Author Archives: Katrinah Best

200th Anniversary Birkbeck Effect: Joel Barnett – Labour politician, Fellow of Birkbeck and Birkbeck Appeal fundraiser

Lord Barnett was educated in Manchester and began his working life as an accountant. Elected as the Member of Parliament for Heywood and Royton in 1964, he served as Chief Secretary to the Treasury from 1974 to 1979 and worked closely with Dennis Healey in the Callaghan government. During this time he devised the system for allocating public spending to Scotland, Wales and Northern Ireland, which became known as the Barnett formula – something he always considered a ‘temporary fix’.

He was made a life peer in 1983 as Baron Barnett, of Heywood and Royton in Greater Manchester, and his public responsibilities included becoming a Trustee of the Victoria and Albert Museum and Vice-Chairman of the BBC. He was made a Fellow of Birkbeck in 1992 and a year later he became Chairman of the Birkbeck Appeal, running the College’s successful fundraising campaign from 1993 to 1996.


Joe Curl, Law student and QC

Joe Curl is a graduate of the law school, and a QC, one of the first graduates to achieve this honour. He studied at Birkbeck, obtained a first, trained to be a barrister, and is a star of the Chancery Bar.

Joe has also taught in the Law school, and supported both the school and its graduates in many ways. Joe makes it clear that Birkbeck can have a transformatory effect on people’s lives – he also happy to help others to follow the path he has taken. Others have said of him: “He is a scholar, a barrister and a gentleman.”


200th Anniversary Birkbeck Effect: Joanna Elson, Campaigner with Money Advice Trust and House of Commons researcher and speechwriter

It was after seeing how parliamentary policies shape people’s lives during her time as a researcher and speechwriter in the House of Commons that Joanna Elson enrolled on Politics and Social Policy master’s at Birkbeck. She wanted to gain a deeper understanding of the history and potential of social change.

After graduating in 1992, Joanna worked for a financial services trade association. By working directly with the banks, she was able to expand their services, ensuring increased access to basic bank accounts for all that needed one, and actively fighting against the ‘poverty premium’. She later joined the Money Advice Trust whose vision is to help people tackle their debts. As CEO of the independent charity, this role allowed Joanna to increase her influence by helping consumers directly.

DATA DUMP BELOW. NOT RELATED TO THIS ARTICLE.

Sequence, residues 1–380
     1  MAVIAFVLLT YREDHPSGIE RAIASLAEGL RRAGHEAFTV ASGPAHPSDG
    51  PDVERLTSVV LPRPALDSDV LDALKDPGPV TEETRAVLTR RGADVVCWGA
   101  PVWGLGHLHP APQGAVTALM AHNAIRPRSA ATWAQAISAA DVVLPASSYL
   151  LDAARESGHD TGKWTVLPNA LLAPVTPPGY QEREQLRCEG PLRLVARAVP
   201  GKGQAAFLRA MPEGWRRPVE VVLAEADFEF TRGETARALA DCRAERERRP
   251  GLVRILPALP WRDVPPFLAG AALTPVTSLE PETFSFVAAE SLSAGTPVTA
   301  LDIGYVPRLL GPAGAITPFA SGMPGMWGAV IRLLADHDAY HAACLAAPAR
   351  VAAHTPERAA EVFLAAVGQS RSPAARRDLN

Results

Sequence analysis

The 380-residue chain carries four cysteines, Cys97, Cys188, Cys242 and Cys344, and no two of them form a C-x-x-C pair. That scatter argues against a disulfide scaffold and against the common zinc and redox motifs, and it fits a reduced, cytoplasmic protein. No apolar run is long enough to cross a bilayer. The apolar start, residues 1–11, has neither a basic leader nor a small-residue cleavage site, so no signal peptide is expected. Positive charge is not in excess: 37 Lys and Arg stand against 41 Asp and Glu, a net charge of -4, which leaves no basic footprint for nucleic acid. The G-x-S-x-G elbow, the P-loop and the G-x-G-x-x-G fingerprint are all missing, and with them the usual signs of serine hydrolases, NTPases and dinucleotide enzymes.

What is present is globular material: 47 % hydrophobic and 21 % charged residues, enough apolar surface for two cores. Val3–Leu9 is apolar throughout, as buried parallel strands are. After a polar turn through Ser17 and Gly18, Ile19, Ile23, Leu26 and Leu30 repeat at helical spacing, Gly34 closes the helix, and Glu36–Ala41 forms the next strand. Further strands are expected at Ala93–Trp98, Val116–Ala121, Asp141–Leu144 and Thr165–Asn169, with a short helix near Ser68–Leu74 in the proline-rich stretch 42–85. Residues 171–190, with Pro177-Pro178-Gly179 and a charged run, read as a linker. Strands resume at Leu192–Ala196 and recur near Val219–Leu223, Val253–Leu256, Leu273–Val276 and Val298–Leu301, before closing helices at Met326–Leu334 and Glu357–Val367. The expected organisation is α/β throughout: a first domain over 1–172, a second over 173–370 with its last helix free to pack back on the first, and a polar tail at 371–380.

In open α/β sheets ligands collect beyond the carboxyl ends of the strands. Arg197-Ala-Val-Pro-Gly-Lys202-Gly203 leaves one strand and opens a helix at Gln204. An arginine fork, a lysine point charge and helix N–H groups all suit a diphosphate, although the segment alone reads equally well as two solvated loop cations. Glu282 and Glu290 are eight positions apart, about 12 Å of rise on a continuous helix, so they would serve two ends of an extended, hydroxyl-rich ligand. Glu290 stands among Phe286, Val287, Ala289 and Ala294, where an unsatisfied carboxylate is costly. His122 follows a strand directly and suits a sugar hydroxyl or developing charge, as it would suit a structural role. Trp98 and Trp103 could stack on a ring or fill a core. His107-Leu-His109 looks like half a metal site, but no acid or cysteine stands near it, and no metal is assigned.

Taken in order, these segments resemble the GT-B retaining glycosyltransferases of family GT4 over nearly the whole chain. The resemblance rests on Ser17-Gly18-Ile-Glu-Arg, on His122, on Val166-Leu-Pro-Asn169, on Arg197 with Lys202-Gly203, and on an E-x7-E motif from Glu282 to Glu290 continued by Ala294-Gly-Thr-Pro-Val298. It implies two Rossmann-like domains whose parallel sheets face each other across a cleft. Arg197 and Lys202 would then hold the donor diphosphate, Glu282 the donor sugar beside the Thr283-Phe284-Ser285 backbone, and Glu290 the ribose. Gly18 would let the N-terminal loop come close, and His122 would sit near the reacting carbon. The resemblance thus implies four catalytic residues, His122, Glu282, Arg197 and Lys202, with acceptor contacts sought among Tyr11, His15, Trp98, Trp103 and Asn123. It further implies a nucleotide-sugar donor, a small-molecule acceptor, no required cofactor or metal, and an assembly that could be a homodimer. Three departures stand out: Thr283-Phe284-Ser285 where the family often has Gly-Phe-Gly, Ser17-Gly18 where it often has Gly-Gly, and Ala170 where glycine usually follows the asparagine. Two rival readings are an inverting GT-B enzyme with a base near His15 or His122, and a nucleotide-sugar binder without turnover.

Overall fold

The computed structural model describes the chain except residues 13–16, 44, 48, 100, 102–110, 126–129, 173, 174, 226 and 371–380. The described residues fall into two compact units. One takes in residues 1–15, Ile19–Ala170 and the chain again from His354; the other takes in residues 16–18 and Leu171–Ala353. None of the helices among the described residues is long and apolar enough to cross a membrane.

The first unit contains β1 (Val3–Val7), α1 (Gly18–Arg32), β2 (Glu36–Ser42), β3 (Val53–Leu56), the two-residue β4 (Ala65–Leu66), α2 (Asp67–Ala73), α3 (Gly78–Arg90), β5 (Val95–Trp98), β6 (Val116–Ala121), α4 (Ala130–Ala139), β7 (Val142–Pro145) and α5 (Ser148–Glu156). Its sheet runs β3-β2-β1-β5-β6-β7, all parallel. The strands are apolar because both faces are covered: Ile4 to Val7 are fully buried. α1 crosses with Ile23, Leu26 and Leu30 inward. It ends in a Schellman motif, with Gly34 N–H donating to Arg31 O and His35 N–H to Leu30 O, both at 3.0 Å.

She was honoured with a CBE for her work with the Money Advice Trust and for services to people in debt in 2020.


200th Anniversary Birkbeck Effect: Zehra Miah, Bonnart Trust scholar

Formerly an Executive Assistant for Boston Consulting Group, Zehra Miah applied to study a part-time BA History at Birkbeck, followed by an Eric Hobsbawm scholarship-funded MA European History and Bonnart Trust-funded MPhil focusing on the Turkish experience in London from 1970-1999.

Zehra’s research considers whether ethnic, religious and racial labels have helped or hindered the Turkish speaking minorities in London in the recent past, which touches on her family’s experience – her father first came to London from Istanbul in 1971 and opened a restaurant on Kingsland High Street in Dalston.

Juggling her studies with bringing up her family, the scholarships ensured she could remain in her chosen field of study and is now well on her way toward her goal of an academic career. Speaking at an event honouring Eric Hobsbawm and his legacy, Zehra said that “my peers and this scholarship have changed my life.”


200th Anniversary Birkbeck Effect: Nikolaus Pevsner, Writer, editor, broadcaster and professor of art history

The first professor of Art History at Birkbeck and the most influential architectural historian of the twentieth century, Nikolaus Pevsner was a fervent believer in the value of teaching art and architectural history as full university subjects rather than adjuncts to other disciplines.

Pevsner was a prodigious writer, editor, broadcaster, and chairman of numerous organisations including the Victorian Society, but he is most famous for his 46 volumes of Buildings of England.

He had come to the UK after the Nazis dismissed him from his lectureship at the University of Göttingen. During World War II, he joined other refugees in helping local authorities to clean up the mess after the bombing. Pevsner was then employed in protecting Birkbeck’s Breams Building in Chancery Lane from fire during the night. As he wrote in a letter, “I have received promotion and am now fire-spotter at Birkbeck College. It is by no means the kind of return to academic surroundings that one would fancy, but it is a decided improvement”.